EA launches free to play MMO for Western users January 21, 2008Posted by jeremyliew in business models, digital goods, games, games 2.0, gaming.
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Although EA has experimented with free to play MMOs in Korea before, Battlefield Heroes, being launched this summer, is its first free to play MMO aimed at a western market. They will be employing a digital goods model to monetize. With EA now joining Sony and other big western game publishers to employ this model, it is starting to look pretty mainstream. Battlefied Heroes will be more casual than previous incarnations in the franchise. NY Times notes about EA’s Korean launch, FIFA:
E.A.’s most recent experiment with free online games began two years ago in South Korea, the world’s most fervent gaming culture. In 2006, the company introduced a free version of its FIFA soccer game there, and Gerhard Florin, E.A.’s executive vice president for publishing in the Americas and Europe, said it has signed up more than five million Korean users and generates more than $1 million in monthly in-game sales.
Players can pay not only for decorative items like shoes and jerseys but also for boosts in their players’ speed, agility and accuracy. Mr. Florin said that while most users do not buy anything, a sizable minority ends up spending $15 to $20 a month.
17 internet games design principles January 17, 2008Posted by jeremyliew in game design, game mechanics, games, games 2.0, gaming.
1. Easy to Learn, Lifetime to Master
2. Simple obvious controls and rules that are easy to master
3. Allow players to discover controls and goals through simple exploration.
4. Provide clear, immediate, and meaningful feedback.
5. Offer clear and obvious short term and long term goals.
6. Players should be able to succeed in the first 10 minutes or earlier.
7. Support short session times of 10-15 minutes as well as longer.
8. Offer consistent controls and labels.
9. Vary the type of challenges so play does not become routine.
10. Support multiple player styles such as Bartle’s 4 types: Achievers, Explorers, Socializers, and Player Killers.
11. Offer more than a high score as a reward, make gameplay intrinsically rewarding.
12. Offer community/social features such as high score boards, in-game chat, and message boards.
13. Use audio feedback and sound effects to increase excitement and make interaction more real.
14. Include the option to turn audio off, so games can be played anywhere.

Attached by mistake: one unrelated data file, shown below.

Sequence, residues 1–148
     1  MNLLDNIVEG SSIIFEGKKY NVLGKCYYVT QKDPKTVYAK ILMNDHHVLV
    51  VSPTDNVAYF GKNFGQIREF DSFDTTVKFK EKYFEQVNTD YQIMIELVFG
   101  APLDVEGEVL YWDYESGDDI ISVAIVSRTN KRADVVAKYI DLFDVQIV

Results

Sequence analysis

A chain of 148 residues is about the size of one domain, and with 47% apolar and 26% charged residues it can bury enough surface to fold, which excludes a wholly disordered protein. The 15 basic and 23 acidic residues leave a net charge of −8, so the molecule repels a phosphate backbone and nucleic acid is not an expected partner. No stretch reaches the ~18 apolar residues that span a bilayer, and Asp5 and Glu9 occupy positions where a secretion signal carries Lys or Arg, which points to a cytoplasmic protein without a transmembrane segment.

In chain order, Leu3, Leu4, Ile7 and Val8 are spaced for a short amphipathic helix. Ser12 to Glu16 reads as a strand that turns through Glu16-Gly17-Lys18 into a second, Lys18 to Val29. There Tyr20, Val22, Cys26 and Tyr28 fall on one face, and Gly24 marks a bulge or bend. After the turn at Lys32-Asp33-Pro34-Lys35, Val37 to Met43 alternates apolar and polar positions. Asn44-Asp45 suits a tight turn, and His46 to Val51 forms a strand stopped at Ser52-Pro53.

15. Test all aspects of the Player’s experience with real users.
16. Adjust spacing between play and reward to keep players motivated and to imply progress.
17. Remember a player’s high score at least between consecutive games, allow them to save it, or otherwise show player progress between games
A great laundry list to keep in mind for people building social games on the Facebook platform and elsewhere.
Game Design Fundamentals January 16, 2008Posted by jeremyliew in game design, game mechanics, games, gaming.
Raph Koster has a couple of posts on game Design Fundamentals on the Metaplace blog.
The first post notes:
The first thing to understand is that games are made out of games. A large game is actually composed of minigames. Even a small game is built out of very simple small games. The smallest games are ones that are so simple and stupid, you can’t lose. You can think of this as “game atoms,” if you like.
and gives three pieces of advice (summarized here – far more detail in the original post):
Advice #1: Design one game at a time (with each game having 4 components: input; model; feedback and mastery)
Advice #2: make sure the controls match up well to what the player is attempting to do.
Advice #3: make sure the player can actually learn from the feedback you give them.
The second post notes:
The fun comes from the mastery process. But what the player is mastering is the model. All games are mathematical models of something. We often speak, for example, of Chess being like war (we actually speak of lots of games as being like war!).
and gives three more pieces of advice:
Advice #4: try to stop thinking about what your game looks like, for a moment, and think about what it is actually modeling:
..(ask) yourself the following questions about your game atom:
* Do you have to prepare for the challenge?
…where prep includes prior moves? …and you can prep in multiple ways?
* Does the topology of the space matter?
…does the topology change?
* Is there a core verb for the challenge?
…can it be modified by content?
* Can you use different abilities on it?
…will you have to in order to succeed?
* Is there skill to using the ability?
…or is this a basic UI action?
* Are there multiple success states?
…with no bottomfeeding? …and a cost to failure?
Advice #5: check this list for every goal, every objective, every button press, every action a user can take, every decision they make.
Advice #6: watch others play your game – you’ll quickly see where you didn’t provide enough feedback, or where they can’t figure out the underlying model. (ie Prototype and iterate)
Budding social game designers should read both posts.